First Trimester :: Second Trimester :: Third Trimester
During the first 3 months of pregnancy, or the first trimester, there are many changes happening to you. As your body adjusts to the growing baby, you may experience nausea, fatigue, backaches, mood swings, and stress. Just remember that these things are normal during pregnancy. Most of these discomforts will go away as your pregnancy progresses, so try not to worry about them. Just as each woman is different, so is each pregnancy. When you are tired, get some rest. If you feel stressed, try to find a way to relax. Accept that your normal routine is changing.
Visiting your doctor is very important during these early stages. Your doctor will perform several tests to check the health of both you and your baby. She will also be able to answer questions about any concerns or fears you might have, and she will tell you what you can do to make your pregnancy as easy as possible. You'll need to know what types of exercises you can do, what you should eat for good nutrition, and what you might need to avoid during this time. Pay attention to what your body is telling you and listen to your doctor's advice. This is an exciting time, and it is important to understand what you should expect during your pregnancy.
Most women find the 2nd trimester of pregnancy to be easier than the 1st trimester, but it is important to stay informed about your pregnancy. By the 26th week, your baby will weigh almost
2 1/2 pounds and be about 23cm long. With this growth comes the development of your baby's features, including fingers, toes, eyelashes and eyebrows.
The second trimester of your pregnancy causes more noticeable changes to your body, relief to problems caused in the first trimester, new changes, and more exciting experiences. Morning sickness, fatigue, and many other things that might have bothered you during the first 3 months might disappear as your body adapts to the growing baby. Your abdomen will expand as you gain weight and the baby continues to grow. Before this trimester is over, you will feel your baby beginning to move. Most women feel movements before 22 completed weeks.
You should be gaining about 1 to 1 1/2 pounds per week during the 2nd trimester. With this weight gain, you might notice that your posture has changed or that you are having backaches. Make sure to inform your doctor of any changes you might have noticed. During your visits your doctor will be able to hear your baby's heartbeat, see the baby's development and determine the baby's age. You might be given several kinds of tests at this time, including ultrasound, which allows the doctor to see your baby and possibly even determine your baby's sex. Other testing (amniocentesis, chorionic villus sampling, alpha-fetoprotein screening) includes ways to determine if the baby is healthy or if you are at risk for any complications and need to be more closely monitored. These tests help to determine the type of care you will be receiving for the rest of your pregnancy.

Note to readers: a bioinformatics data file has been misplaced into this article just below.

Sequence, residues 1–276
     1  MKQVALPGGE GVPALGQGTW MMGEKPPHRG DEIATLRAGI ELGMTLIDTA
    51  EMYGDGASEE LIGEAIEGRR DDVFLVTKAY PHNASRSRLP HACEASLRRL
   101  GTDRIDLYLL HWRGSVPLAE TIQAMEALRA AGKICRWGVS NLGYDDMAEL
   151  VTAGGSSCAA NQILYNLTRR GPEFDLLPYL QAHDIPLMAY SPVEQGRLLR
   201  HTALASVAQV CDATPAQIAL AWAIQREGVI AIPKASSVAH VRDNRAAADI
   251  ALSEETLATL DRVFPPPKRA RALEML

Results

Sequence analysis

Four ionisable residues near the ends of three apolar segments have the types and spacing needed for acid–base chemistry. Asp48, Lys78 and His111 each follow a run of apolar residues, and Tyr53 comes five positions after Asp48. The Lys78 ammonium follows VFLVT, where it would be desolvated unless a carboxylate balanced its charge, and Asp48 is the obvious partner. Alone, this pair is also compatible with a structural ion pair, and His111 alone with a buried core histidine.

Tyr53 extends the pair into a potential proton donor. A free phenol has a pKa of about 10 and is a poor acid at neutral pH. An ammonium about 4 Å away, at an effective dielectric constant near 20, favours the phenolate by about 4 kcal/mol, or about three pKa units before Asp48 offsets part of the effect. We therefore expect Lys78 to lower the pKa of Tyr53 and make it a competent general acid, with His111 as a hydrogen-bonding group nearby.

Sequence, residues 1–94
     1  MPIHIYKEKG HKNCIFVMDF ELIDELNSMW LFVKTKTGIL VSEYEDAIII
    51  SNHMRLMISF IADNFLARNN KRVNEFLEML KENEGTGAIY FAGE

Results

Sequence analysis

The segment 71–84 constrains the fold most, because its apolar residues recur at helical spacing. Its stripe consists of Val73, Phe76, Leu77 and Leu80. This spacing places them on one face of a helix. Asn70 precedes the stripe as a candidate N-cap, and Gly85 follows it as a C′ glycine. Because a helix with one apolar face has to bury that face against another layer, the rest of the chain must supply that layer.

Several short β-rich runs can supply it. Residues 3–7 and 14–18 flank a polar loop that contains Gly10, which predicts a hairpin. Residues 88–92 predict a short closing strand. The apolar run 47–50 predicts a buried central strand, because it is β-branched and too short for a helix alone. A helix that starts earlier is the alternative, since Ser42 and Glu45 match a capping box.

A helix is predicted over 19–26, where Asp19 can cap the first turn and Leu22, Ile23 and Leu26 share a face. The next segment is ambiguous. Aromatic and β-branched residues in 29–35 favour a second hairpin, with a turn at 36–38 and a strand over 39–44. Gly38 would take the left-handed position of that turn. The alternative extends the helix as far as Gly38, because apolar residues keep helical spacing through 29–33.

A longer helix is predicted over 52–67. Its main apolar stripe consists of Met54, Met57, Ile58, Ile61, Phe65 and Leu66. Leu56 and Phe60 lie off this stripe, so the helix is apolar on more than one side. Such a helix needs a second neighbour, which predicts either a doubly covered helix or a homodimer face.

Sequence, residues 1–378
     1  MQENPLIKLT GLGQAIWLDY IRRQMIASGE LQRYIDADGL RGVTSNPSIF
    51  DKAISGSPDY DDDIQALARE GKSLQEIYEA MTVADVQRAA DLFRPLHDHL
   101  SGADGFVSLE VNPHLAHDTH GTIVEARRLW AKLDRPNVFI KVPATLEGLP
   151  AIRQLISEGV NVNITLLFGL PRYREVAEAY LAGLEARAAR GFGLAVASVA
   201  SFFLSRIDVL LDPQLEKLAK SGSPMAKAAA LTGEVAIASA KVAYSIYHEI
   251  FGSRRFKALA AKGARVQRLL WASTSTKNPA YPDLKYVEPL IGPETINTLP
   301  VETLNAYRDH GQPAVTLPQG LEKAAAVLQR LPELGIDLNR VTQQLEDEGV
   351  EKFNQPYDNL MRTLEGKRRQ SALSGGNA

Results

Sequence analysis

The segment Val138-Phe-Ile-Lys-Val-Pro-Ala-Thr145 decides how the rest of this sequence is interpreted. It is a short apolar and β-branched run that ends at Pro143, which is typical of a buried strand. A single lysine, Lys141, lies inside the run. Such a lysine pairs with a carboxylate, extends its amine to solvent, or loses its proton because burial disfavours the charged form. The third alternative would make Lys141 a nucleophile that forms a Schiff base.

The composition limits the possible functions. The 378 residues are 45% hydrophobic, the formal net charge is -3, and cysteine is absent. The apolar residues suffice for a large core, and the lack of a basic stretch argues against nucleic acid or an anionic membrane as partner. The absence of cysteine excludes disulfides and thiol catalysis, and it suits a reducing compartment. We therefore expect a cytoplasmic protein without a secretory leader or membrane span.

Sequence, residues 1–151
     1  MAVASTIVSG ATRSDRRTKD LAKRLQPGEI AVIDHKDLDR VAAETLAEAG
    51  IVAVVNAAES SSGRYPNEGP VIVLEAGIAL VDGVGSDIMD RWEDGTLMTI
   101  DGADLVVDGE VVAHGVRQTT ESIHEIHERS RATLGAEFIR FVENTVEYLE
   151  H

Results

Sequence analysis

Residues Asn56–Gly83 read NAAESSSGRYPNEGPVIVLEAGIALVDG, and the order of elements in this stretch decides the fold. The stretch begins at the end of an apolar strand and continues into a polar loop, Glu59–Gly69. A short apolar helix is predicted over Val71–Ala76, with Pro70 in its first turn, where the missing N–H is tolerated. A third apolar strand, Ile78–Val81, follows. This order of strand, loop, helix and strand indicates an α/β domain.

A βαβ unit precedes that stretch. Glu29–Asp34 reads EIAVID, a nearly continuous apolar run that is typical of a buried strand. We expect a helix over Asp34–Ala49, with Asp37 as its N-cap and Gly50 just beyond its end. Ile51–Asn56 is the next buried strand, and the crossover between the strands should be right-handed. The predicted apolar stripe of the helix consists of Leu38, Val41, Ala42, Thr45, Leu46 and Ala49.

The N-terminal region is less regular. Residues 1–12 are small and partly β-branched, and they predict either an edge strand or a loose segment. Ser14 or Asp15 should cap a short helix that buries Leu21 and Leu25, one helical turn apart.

It might be hard to believe, but you are in your final trimester of pregnancy! This means that in a few short months you will be holding your new baby in your arms. Your baby is still growing and moving, but now it has less room. You might not feel the kicks and movements as much as you did in the 2nd trimester. You will also notice that you may have to go to the bathroom more often or that you find it hard to breathe. This is because the baby is getting bigger and it is putting pressure on your organs. Don't worry, your baby is fine and these problems will subside once you give birth.
During this final stage of your pregnancy, your baby is continuing to grow. By the end of your pregnancy you should have gained about
25 to 30 pounds. About 7 1/2 pounds of that weight should be the baby. Even before your baby is born it will be able to open and close its eyes and might even suck its thumb.
Be sure to continue to visit your doctor, and ask him to answer your questions and address your concerns about
labor and delivery. The baby should be moving into its birth position, and your body will be preparing for the birth. Doctor can check your progress with a vaginal examination.
As the birth of your baby gets closer, you and your doctor will discuss what kind of delivery you will have. Some women need to have a caesarean section (c-section), in which a surgical incision is made to remove the baby. If you are able to plan on a non-surgical vaginal birth, you may want to have your baby naturally, without medications, and you may want to take a childbirth class. Something else to consider now is if you plan to breastfeed or bottle-feed your new baby. Breastfeeding is best for your baby, so make sure to discuss it with Dr. Barbara Schroeder.